Varnado v. Warden
OPINION AND ORDER: Patrick Varnados 1 petition is DISMISSED WITHOUT PREJUDICE pursuant to Section 2254 Habeas Corpus Rule 4 because the claim is unexhausted; a certificate of appealability is DENIED pursuant to Section 2254 Habeas CorpusRule 11; and the Clerk is DIRECTED to close this case. Signed by Judge Philip P Simon on 11/13/2017. (Copy mailed to pro se party)(jss)
UNITED STATES DISTRICT COURT
NORTHERN DISTRICT OF INDIANA
SOUTH BEND DIVISION
Case No. 3:17CV819-PPS
OPINION AND ORDER
Patrick Varnado, a pro se prisoner, filed a habeas corpus petition attempting to
challenge the revocation of his parole in connection with his 1985 conviction and 60 year
sentence for murder by the Lake County Superior Court.1 However, before I can consider
a habeas corpus petition challenging a State proceeding, the petitioner must have
previously presented his claim to the State courts. “This means that the petitioner must
raise the issue at each and every level in the state court system, including levels at which
review is discretionary rather than mandatory.” Lewis v. Sternes, 390 F.3d 1019, 1025-1026
(7th Cir. 2004).
There are two possible methods for challenging a parole revocation in Indiana: by
filing a post-conviction relief petition, Receveur v. Buss, 919 N.E.2d 1235 (Ind. Ct. App.
2010), or by filing a State habeas corpus petition if the inmate is seeking immediate release.
Lawson v. State, 845 N.E.2d 185, 186 (Ind. Ct. App. 2006). Furthermore, if a state habeas
Under cause numbers 3CR-31-285-122, 3CR-36-285-138, and 3CR30-285-121.
corpus petition is improperly filed, it will be converted to a post-conviction petition.
Hardley v. State, 893 N.E.2d 740, 743 (Ind. Ct. App. 2008); Ward v. Ind. Parole Bd., 805 N.E.2d
893 (2004). Here, Varnado’s habeas corpus petition indicates that he has not presented his
claim to any State court in any proceeding. ECF 1 at 1, 2. Therefore he has not exhausted
his State court remedies and this case must be dismissed without prejudice so that he can
exhaust this claim in the State courts. After he has ultimately presented his claim to the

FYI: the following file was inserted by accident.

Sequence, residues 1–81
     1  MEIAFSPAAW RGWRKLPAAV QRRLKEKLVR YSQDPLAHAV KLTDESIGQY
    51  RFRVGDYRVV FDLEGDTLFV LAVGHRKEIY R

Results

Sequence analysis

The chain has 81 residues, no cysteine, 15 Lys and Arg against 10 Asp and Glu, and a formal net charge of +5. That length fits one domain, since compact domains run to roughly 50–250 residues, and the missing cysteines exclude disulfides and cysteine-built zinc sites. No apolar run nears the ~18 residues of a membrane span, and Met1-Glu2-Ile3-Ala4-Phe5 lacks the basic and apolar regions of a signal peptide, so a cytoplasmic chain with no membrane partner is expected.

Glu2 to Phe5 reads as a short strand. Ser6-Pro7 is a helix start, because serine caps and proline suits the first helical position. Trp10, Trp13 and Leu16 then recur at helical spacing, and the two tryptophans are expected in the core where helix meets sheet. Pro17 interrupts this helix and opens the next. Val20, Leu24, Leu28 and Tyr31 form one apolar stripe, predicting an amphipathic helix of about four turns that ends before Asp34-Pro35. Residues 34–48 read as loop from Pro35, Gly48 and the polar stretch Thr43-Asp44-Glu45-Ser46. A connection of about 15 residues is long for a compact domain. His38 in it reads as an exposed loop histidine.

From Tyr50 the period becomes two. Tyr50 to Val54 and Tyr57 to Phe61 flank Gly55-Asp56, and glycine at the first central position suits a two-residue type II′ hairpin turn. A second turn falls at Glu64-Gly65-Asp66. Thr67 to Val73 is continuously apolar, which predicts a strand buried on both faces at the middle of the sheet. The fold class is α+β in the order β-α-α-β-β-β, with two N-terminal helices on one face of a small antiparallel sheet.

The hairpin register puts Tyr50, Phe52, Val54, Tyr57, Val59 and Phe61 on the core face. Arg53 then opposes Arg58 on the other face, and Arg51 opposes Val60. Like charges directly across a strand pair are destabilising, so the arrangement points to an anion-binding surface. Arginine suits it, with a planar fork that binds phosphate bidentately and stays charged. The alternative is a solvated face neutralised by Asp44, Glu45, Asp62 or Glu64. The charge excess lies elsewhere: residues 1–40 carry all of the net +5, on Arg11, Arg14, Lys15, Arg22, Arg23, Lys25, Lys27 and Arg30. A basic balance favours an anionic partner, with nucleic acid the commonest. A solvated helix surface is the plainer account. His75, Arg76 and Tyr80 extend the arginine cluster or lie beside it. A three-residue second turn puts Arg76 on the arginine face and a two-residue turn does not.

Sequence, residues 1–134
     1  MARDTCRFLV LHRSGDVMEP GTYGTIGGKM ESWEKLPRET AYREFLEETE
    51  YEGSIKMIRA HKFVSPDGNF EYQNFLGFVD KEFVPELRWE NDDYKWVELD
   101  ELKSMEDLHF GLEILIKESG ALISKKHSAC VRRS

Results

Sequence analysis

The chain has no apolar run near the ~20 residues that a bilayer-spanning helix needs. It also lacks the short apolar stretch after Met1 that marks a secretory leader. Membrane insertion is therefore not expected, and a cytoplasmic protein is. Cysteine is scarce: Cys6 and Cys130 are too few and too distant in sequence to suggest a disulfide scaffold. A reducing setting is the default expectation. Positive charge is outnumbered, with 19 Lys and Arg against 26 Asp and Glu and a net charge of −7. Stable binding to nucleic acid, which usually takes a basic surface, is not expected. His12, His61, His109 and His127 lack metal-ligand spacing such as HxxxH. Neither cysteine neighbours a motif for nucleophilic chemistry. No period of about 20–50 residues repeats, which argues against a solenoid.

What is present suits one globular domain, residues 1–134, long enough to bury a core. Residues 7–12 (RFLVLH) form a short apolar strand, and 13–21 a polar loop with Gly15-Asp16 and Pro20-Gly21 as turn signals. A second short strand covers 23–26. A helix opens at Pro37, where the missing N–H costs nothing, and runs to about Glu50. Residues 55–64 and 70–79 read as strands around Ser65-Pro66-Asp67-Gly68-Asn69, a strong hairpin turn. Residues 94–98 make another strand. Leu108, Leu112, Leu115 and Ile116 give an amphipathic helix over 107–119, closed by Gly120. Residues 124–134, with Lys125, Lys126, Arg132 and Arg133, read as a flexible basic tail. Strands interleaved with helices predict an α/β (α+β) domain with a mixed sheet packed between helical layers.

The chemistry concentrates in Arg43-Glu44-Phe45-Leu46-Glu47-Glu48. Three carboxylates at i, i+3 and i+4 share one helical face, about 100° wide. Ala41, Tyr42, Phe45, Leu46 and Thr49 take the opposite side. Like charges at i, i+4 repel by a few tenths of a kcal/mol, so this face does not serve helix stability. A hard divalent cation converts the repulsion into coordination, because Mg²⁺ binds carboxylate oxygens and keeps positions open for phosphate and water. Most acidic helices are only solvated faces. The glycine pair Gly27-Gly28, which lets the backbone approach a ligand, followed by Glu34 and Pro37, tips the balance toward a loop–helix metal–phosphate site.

Indiana Supreme Court, if he has not yet obtained relief, then he may return to federal
court and file a new habeas corpus petition.
Pursuant to Section 2254 Habeas Corpus Rule 11, I must consider whether to grant
or deny a certificate of appealability. To obtain a certificate of appealability when the
petition is dismissed on procedural grounds, the petitioner must show that reasonable
jurists would find it debatable (1) whether the court was correct in its procedural ruling
and (2) whether the petition states a valid claim for denial of a constitutional right. Slack v.
McDaniel, 529 U.S. 473, 484 (2000). As previously explained, the claim presented by
Varnado is unexhausted. Because there is no basis for finding that jurists of reason would
debate the correctness of this procedural ruling or find a reason to encourage him to
proceed further, a certificate of appealability must be denied.
(1) Patrick Varnado’s petition is DISMISSED WITHOUT PREJUDICE pursuant to
Section 2254 Habeas Corpus Rule 4 because the claim is unexhausted;
(2) a certificate of appealability is DENIED pursuant to Section 2254 Habeas Corpus
Rule 11; and
(3) the Clerk is DIRECTED to close this case.
ENTERED: November 13, 2017
/s/ Philip P. Simon
United States District Court
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